I surprised the interviewers with a detail that Araguas confirmed, being as much a member of the local bourgeoisie as I was myself (Vicente and Andrés lived in the same building; and I, almost next door, on the same square). When nobody knew English in Spain, Andrés used to make faithful imitations of Bob Dylan and Otis Redding: he learnt to play the guitar singing in English.

Those who were present making questions and taping us were surprised to hear the memories I brought up from the past, fifty odd years earlier. When poverty in Spain was such that record-players were rare and smuggled objects, it was normal to listen to songs on the radio. American songs were already the most popular in Spain after the regime opened towards the USA. People used to hum the songs, as they couldn’t understand the lyrics, and José Guardiola made pathetic versions of them in Spanish.

As kids in the Concepción Arenal Secondary School in Ferrol, we challenged each other jotting down the lyrics every time we heard the songs on the radio, and learning them by heart… I’ll never forget the sense of pride I felt when I turned up at school with the lyrics of a popular song. It went something like this: “Poetry in motion / walking by my side, / her lovely locomotion / keeps my eyes open wide”. I had just beaten a classmate whose brother taught at an English academy…

Ferrol me fecit. Spanish Pop star Andrés do Barro (five gold records singing in Galician) understood what he heard sung in English; so did Vicente Araguas, singer, songwriter and activist in university movements. This made them stand apart from the major actors in the new Spanish song movement in the 70s. They didn’t understand the Beatles’ lyrics, for example.

I’ll finish now with things about Ferrol, “where nobody wasted time learning French” (no offense, but that’s how our seniors saw it). I remember the old Hotel Ideal, and had no idea, until a friend’s grandfather told me, that it was originally named “Ideal Room”. Neither did I know that the first cinema hall in Ferrol was called New England.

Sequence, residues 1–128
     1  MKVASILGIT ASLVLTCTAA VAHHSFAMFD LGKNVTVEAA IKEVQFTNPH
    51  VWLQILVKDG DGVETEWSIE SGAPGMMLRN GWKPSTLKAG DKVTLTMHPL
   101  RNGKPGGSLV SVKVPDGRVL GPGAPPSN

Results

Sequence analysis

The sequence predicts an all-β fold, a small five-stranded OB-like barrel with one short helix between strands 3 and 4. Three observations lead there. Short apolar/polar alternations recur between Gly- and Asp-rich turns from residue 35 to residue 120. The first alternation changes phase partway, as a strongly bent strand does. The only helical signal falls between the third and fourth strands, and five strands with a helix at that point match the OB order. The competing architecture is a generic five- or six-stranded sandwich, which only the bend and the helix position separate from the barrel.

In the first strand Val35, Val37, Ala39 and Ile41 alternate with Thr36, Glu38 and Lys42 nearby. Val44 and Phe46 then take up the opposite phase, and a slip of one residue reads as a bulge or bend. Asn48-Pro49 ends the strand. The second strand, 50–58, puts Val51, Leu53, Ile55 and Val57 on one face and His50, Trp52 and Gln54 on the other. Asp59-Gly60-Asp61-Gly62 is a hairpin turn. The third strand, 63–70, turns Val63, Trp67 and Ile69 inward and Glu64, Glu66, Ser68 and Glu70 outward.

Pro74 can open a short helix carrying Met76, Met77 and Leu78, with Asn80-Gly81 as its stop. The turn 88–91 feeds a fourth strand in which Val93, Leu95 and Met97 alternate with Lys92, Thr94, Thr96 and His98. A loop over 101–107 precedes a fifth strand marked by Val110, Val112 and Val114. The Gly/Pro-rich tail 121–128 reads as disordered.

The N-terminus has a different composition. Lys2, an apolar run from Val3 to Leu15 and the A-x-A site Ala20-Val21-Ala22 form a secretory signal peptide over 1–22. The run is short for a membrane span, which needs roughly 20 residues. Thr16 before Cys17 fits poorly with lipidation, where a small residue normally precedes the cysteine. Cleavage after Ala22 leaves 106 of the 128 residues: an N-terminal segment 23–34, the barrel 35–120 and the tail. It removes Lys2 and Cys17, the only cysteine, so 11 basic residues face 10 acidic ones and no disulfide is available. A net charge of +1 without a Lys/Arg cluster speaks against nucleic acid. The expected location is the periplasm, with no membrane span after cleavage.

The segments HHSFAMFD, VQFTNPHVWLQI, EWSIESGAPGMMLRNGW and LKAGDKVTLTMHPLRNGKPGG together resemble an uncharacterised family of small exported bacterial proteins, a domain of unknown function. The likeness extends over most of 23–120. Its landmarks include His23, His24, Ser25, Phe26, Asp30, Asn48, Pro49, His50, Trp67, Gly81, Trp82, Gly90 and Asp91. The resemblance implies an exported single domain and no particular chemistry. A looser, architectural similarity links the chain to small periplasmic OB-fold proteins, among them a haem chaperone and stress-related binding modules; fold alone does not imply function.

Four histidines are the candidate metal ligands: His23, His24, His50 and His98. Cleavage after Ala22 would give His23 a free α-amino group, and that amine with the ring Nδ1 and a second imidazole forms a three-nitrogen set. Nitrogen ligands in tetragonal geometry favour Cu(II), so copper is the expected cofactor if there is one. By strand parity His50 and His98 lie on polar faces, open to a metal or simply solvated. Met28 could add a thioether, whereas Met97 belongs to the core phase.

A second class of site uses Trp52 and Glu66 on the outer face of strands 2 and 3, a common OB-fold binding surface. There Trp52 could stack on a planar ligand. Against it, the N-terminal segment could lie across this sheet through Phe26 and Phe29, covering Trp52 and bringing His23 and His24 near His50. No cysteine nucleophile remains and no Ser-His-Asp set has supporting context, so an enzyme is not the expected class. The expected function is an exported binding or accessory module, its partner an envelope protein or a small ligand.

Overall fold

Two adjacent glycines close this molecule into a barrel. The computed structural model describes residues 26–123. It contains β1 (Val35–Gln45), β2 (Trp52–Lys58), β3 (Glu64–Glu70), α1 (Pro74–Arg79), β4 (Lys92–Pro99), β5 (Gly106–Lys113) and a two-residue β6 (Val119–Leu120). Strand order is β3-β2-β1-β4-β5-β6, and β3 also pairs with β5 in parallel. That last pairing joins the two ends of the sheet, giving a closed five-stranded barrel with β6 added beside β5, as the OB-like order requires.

I’m eternally grateful to have become a part of Ferrol, at least for one reason: I learnt to understand English. At the Telecommunications College in Madrid I was a privileged student: when solid state electronics invaded it all, there were only books in English on the subject…

But that English which I’m still learning (for it will never be my homeland as Portuguese was to Pessoa and Eça de Queiroz) has not only been my language for study and work in the last fifty years. It is the tongue in which millions of cultivated people, by mere statistics, have been writing for centuries about everything.

Now that English has become indispensable, and an important issue for responsible parents, neophytes forget that what is most important about Ferrol’s second language is that one can enjoy the magnificent prose of a distracted Bruce Chatwin, who went around looking for glyptodonts in Patagonia without consulting the Galicians… Another time we’ll talk about Chatwin and Antonio Soto, the revolutionary from Ferrol in the Argentinian Far South. To Brits and Spaniards in London, who so much history have in common, all the best.